Another group taking aim at Walton this week are a faction dubbed real-life “Walmart Moms” who began striking this week in 20 cities with a demonstration in Phoenix held Tuesday (June 3).
“I came to Phoenix to tell Rob Walton what it’s like being a working mom at Walmart. While his family is the richest in the world, my son and I depend on family and public assistance to keep our heads above water. … Women at Walmart need the company to end the retaliation and pay us a minimum of $25,000 a year for full-time work so we can support our families,” Bene’t Homes, a 25-year-old Walmart worker and OUR Walmart member from Chicago, said in the group’s press release.
Wal-Mart has said these groups are backed by union efforts. The retailer continues to emphasize that it promotes more than 180,000 employees each year and three out of four managers within the company started as an hourly worker, including Wal-Mart Stores CEO Doug McMillon.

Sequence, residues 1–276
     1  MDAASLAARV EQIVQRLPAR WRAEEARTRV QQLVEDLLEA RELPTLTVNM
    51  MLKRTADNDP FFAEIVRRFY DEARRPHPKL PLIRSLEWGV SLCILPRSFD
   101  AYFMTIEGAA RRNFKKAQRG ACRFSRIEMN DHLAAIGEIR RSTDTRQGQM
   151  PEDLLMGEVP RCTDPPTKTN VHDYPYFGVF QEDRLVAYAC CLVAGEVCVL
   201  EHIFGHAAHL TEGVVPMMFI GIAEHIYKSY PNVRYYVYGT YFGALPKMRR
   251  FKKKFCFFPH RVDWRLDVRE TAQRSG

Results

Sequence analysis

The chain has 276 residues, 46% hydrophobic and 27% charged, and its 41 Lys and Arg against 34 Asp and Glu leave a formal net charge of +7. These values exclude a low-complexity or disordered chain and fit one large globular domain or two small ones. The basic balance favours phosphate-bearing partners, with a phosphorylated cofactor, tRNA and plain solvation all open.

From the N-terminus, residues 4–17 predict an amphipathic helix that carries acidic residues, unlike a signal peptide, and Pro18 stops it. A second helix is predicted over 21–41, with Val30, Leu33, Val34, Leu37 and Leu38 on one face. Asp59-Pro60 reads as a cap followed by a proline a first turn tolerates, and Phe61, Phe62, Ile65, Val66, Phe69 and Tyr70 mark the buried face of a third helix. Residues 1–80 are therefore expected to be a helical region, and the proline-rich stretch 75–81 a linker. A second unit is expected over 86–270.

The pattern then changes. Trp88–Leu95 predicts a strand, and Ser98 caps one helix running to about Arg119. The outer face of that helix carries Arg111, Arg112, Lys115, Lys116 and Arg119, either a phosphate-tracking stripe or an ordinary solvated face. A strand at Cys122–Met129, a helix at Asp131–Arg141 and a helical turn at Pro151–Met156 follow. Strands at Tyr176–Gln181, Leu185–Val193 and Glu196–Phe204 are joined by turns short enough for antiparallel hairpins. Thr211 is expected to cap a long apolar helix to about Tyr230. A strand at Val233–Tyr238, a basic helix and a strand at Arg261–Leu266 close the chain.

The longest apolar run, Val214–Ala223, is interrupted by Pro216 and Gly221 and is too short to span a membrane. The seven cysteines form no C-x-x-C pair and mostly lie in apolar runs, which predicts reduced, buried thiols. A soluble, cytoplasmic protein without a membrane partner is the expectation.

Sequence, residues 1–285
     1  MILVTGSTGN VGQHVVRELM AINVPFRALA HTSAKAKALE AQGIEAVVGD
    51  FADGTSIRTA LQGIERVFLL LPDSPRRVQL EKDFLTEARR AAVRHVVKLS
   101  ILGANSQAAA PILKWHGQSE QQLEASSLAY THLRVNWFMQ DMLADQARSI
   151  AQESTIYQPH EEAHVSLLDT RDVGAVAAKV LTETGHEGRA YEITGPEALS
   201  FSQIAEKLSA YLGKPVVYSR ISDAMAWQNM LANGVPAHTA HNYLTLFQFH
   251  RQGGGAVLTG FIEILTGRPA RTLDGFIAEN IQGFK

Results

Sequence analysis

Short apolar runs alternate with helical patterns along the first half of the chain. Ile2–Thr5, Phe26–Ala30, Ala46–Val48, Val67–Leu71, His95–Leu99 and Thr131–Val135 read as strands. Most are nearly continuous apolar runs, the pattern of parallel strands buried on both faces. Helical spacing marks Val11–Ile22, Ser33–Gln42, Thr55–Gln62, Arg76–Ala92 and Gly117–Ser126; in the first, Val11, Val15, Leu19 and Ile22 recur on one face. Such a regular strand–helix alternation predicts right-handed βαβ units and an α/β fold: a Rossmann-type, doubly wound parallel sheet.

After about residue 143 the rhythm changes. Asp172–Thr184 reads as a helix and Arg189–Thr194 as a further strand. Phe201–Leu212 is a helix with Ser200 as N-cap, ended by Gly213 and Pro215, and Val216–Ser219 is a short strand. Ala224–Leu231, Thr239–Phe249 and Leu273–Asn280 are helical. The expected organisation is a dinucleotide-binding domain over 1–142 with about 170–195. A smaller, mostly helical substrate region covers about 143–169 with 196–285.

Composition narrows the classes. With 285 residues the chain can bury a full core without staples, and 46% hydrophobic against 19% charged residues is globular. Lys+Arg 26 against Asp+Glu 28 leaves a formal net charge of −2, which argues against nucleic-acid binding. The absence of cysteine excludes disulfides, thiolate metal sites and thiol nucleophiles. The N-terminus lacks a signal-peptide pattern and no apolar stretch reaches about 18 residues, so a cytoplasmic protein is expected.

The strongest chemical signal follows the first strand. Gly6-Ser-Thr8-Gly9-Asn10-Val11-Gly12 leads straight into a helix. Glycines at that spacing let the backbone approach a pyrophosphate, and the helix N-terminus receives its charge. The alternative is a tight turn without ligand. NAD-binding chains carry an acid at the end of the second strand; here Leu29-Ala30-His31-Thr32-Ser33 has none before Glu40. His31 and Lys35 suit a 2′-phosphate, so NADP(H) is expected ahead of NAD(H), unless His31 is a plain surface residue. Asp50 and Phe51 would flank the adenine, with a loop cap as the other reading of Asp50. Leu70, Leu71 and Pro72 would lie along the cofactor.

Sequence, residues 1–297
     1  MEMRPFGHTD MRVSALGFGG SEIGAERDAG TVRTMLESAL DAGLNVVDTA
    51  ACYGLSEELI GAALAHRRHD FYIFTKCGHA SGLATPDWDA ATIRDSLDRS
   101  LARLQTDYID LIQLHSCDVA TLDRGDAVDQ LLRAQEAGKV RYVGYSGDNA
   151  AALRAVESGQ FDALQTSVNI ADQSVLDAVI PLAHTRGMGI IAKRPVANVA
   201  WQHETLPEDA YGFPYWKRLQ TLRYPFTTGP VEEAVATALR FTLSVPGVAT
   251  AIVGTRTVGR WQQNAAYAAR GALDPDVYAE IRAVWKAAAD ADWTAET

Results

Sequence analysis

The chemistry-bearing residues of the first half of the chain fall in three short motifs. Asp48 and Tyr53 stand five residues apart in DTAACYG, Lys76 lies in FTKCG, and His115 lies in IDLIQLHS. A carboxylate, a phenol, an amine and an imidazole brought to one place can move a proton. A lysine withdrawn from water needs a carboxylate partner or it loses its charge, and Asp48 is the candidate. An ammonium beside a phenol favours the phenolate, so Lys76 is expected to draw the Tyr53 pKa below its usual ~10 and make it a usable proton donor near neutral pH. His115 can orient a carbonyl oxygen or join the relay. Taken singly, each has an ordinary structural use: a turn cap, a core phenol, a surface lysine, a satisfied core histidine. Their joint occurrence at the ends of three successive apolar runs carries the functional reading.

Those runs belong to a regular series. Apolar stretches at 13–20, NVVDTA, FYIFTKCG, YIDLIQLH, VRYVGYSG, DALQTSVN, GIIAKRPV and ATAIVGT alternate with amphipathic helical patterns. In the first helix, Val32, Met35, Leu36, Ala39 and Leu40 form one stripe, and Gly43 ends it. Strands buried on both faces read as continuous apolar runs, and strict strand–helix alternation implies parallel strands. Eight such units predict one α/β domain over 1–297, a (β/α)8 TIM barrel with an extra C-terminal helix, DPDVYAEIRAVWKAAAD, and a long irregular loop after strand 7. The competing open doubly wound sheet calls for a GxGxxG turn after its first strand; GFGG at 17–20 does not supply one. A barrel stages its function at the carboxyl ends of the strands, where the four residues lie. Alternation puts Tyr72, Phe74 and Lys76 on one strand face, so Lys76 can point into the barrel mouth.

McMillon, who presides over his first shareholder meeting as the Wal-Mart CEO, recently said Wal-Mart has no problem promoting cashiers into better paying jobs. The problem Wal-Mart faces is when it hires a cashier who remains in that position, for whatever reason, for 15 years. He said store managers make on average $150,000 or more and the majority began their career as an hourly worker.
Sherry Curtis-Swenson, manager of the Wal-Mart Supercenter in Jane, Mo., told The City Wire last summer that she began her Walmart career as cashier 20 years ago. She oversees 450 employees in a store that is open 24-hours a day. She began as store manager 10 years ago when the supercenter opened. Prior to that she worked in the Bentonville supercenter, the store her husband now manages.
“I can’t imagine doing anything else. I love working with people. Just recently I was able to promote a stocker into an assistant manager position and know firsthand how this will change his life,” Curtis-Swenson said.